People of the Waters
Grand Opening is September 5, 2017
The new permanent exhibition called People of the Waters explores the region’s richness of prehistoric and early life that spans 13,000 years. The key storyline and interpretive elements of this cutting edge experience were selected based on public input and feedback from a focus group of teachers to link directly to the educational goals of Wisconsin Act 31 that focuses on major curriculum points on the study of the Ice Age, Native American cultures, and the impact of the Fur Trade.
Exhibit highlights include a dynamic 40-foot long artifact display wall representing the cultural history from about 13,000 years ago up to the 1850s, and an interactive longhouse dwelling allows visitors to experience daily life in Native villages. A walk-over archaeological excavation site uncovers the past, an interpretive multi-touch geological map shows how huge sheets of receding ice transformed the landscape from prehistoric times, and a travel and trade exploration station interpreting the history of tribal trade offers an optional trading game feature that visitors can continue to play at home or school. The exhibit also features the work of contemporary Native American artists.
The waterways of this region were like highways, connecting people near and far, and canoes would have been a common sight throughout the Lake Winnebago region during the early historic period. Using centuries-old skills, master canoe builder Ferdy Goode of Arbor Vitae, Wisconsin, built a birch-bark canoe that is identical to the nimble vessels that once slipped through the rivers and marshes of the Winnebago region. The canoe was funded by a bequest from Florence Sarres, a long-standing member who strongly endorsed our mission. It will be featured along with a dugout canoe crafted by Dr. Jeff Behm and UW-Oshkosh students that participated in a field experience class during the spring 2016 interim.
The grand opening celebration presents an incredible series of special weekly programs, sponsored by Nevitt Law Office. Mark your calendars!
People of the Waters Member Premier: Aug 23, 5:00–7:00 pm, featuring a musical performance and presentation by Wade Fernandez! Not a member? Join now for an exclusive invitation to attend this world-class event.
Iroquois Strawberry Beadwork Workshop: Aug 26, 10:00 am–2:00 pm, presented by Karen Ann Hoffman; space is limited to 30 people, and pre-registration is required. Cost is $20 per person, $15 for Museum Members.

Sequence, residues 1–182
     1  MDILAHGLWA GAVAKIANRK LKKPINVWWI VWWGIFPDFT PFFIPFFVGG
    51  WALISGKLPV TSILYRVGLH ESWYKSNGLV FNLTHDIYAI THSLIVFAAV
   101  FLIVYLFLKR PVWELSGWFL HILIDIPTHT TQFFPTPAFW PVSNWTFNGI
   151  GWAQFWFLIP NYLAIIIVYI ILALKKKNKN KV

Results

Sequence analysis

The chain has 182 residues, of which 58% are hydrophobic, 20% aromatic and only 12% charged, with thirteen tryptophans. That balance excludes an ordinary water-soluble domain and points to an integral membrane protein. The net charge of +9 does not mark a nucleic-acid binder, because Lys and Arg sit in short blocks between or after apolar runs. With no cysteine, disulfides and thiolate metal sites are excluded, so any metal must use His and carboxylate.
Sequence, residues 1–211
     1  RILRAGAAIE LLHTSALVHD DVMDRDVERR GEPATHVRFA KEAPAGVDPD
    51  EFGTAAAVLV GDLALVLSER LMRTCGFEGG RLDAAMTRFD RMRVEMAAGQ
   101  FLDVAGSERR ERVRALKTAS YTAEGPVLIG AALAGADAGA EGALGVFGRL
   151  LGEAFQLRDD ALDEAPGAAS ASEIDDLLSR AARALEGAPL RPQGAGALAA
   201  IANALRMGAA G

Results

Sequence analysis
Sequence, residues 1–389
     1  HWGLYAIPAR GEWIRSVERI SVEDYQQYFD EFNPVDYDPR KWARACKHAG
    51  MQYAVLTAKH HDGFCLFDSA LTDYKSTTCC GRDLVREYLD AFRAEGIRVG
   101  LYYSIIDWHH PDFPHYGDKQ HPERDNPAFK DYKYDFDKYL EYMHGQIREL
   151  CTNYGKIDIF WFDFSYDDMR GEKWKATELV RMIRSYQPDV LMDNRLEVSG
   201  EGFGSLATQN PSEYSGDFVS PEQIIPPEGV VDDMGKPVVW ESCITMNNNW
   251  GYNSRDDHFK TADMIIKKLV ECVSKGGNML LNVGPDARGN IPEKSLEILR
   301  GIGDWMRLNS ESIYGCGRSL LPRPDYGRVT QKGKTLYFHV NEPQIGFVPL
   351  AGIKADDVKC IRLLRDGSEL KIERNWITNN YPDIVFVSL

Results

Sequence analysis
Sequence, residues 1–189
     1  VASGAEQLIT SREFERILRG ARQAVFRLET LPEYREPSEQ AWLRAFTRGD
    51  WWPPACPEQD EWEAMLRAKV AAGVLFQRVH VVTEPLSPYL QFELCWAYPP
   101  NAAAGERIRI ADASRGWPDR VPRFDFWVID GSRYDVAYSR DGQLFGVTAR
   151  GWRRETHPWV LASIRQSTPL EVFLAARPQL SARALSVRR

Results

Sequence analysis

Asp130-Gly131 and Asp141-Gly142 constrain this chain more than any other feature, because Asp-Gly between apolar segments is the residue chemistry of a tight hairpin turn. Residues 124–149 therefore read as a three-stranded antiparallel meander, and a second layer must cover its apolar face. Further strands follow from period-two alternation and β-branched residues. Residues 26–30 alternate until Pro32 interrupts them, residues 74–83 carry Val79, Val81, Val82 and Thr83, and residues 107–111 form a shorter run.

People of the Waters Grand Opening Day: Sep 5, official ribbon cutting ceremony at 10:00 am, marked with an introduction and gallery walk led by Museum Director Brad Larson. Guided tours through the new exhibit are being offered hourly from 12:00–3:00 pm.
Ice Age History of the Fox River Valley Region: Sep 9, 1:00–2:00 pm, presented by Dr. William Mode, professor and chair of the Department of Geology at University of Wisconsin-Oshkosh.
Native American Medicines Workshop: Sep 16, 1:00–3:00 pm, presented by Misty Cook; space is limited to 50 people, and pre-registration is required. Cost is $35 per person, $26 for Museum Members; all participants will receive a copy of Misty Cook’s book “Medicine Generations.”
Wisconsin Archaeology Timeline: Sep 23, 1:00–2:00 pm, presented by Dr. Jeff Behm, archaeologist at the University of Wisconsin-Oshkosh.
Children's Canoe Workshop: Sep 30, 1:00–4:00 pm, a 30-minute gallery walk of The Voices of Native American Art-Telling Our Story exhibit by Karen Ann Hoffman starting at 1:00 pm, followed by a fun drop-in make-and-take craft project.
Weathering the Ice Age – 14,000 years of Native American History in Central Wisconsin: Oct 7, 1:00–2:00 pm, presented by Dr. Ray Reser, Director of the University of Wisconsin-Stevens Point Museum of Natural History.
Honor Song! A Play: Oct 14, 1:00–3:00 pm, a one-act play by Carol O. Smart, granddaughter of Dr. Rosa Minoka-Hill.
Fur Trade in Wisconsin: Oct 21, 1:00–2:00 pm, presented by Isaac Walters, Wisconsin educator, instructional coach, and historic reenactor and consultant.
People of the Waters will have a major impact on the Museum, the community, and our role in serving students and teachers. It combines science, math, environmental history, heritage and the arts in a captivating interactive format. This exhibition will be the only one in its class in eastern Wisconsin, making the Museum a primary resource for enriching field trip opportunities that align and enhance classroom instruction.
This project would not have been possible without sponsors and private support. Thank you for your generosity and commitment to making this innovative exhibition a reality!
The Museum extends a sincere thank you to our major sponsors and contributors: Alberta S. Kimball-Mary L. Anhaltzer Foundation, Associated Bank, John E. Kuenzl Foundation, Oshkosh Area Community Foundation, City of Oshkosh, and the Frederick Schattschneider Durow and Marion Hughes Durow Trust Fund
The Museum also extends a huge thank you to our exhibition team and extraordinary content experts for their expert guidance and dedication of their time and talents: Mike and Karen Ann Hoffman of the Menominee Nation Clans Committee, the Ho-Chunk Nation, archaeologists Dr. Jeffrey Behm from the University of Wisconsin Oshkosh and Dr. Ray Reser from the University of Wisconsin Stevens Point, geologist Dr. William Mode and paleontologist Dr. Joseph Peterson from the University of Wisconsin Oshkosh, Jack Steinbring, adjunct scholar of anthropology at Ripon College, and Split Rock Studios of Minnesota.
Full-size recreated Oneota longhouse from 1,000 years ago
Replica skeleton of a giant beaver, one of the animals that inhabited Wisconsin as the glaciers melted
Flintlock Trade Gun, English-made Northwest musket
Huge set of elk antlers, found in a sink hole near Oshkosh, radio carbon dates from the late 1400s